Loss of slain mom 'not quite real yet' for her father
Posted August 9, 2011
Updated August 10, 2011
Raleigh, N.C. — The father of a slain Kinston woman said Tuesday that his daughter expressed concern to him nearly three years ago about the relationship she had with the Raleigh man charged in her death.
But Rodger Ackerson said that he never imagined that 27-year-old Laura Ackerson would disappear or that her remains would be found more than a week later halfway across the country.
"She told me several times in 2008, when she was up spending Christmas with me – she said she had to go back (to North Carolina), because if she didn't, Grant would send his thugs around to get her," Rodger Ackerson said. "At that time, she's 24 years old, and she has her own free will."
Laura Ackerson's former boyfriend and the father of her two children, Grant Hayes, is charged with first-degree murder in her death. His wife, Amanda Hayes, faces the same charge.
Investigators have alleged that the pair killed Laura Ackerson in North Carolina, dismembered her body and carried it in coolers to Richmond, Texas, about 60 miles south of Houston, where her remains were tossed in a creek.
She was last seen on July 13, and her car was found a week later in the parking lot of a Raleigh apartment complex about a quarter-mile from the Hayeses' home.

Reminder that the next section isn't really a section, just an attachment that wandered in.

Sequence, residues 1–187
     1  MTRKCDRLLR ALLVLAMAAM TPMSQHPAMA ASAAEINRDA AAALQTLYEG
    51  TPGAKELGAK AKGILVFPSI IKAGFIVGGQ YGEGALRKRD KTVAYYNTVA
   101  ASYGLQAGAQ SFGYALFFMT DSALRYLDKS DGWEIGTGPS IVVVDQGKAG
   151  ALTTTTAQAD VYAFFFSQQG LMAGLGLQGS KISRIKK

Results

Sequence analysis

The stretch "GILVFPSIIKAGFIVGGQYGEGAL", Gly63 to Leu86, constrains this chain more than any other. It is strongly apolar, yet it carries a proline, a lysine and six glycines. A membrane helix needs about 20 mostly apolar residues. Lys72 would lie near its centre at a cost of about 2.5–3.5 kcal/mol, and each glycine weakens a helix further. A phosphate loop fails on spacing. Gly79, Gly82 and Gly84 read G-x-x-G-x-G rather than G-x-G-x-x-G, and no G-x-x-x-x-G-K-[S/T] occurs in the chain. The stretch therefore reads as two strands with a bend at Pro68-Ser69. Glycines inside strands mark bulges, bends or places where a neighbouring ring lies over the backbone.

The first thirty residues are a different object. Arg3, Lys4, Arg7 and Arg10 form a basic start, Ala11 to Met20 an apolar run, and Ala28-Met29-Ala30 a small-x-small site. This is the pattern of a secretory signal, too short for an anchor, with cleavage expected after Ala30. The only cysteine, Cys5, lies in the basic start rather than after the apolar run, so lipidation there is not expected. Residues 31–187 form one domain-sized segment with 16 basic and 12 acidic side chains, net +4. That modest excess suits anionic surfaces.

Raleigh police investigators haven't offered a motive for the slaying, but family members have said that Grant Hayes and Laura Ackerson had a "volatile" relationship and had been involved in a custody dispute.
"I think Mr. Hayes was faced with a custody suit that he was going to lose and decided he wasn't going to lose," Rodger Ackerson said.
Rodger Ackerson, who lives in Michigan, has filed for custody of his grandchildren, who are currently staying with Grant Hayes' mother, Patsy Hayes.
Unsubstantiated allegations 28 years ago by his ex-wife that he molested three of his children, he said, could mean an uphill custody battle. He has denied the claims and said he plans to ask that she retract her statements.
He has been allowed to see his grandchildren, he said, and he worries, in regard to his daughter's death, about what they might have seen.
Rodger Ackerson said that he just hopes now that the justice system will prevail.
"They just can't cut her up in pieces and throw her away and not pay for it," he said.
He and his daughter, the youngest of four children, spoke on the phone at least three times a week, he said. They had a close relationship when she was growing up, and one of Roger Ackerson's fondest memories is watching butterflies with his daughter after it rained.
"It's not quite real yet," Rodger Ackerson said of his loss.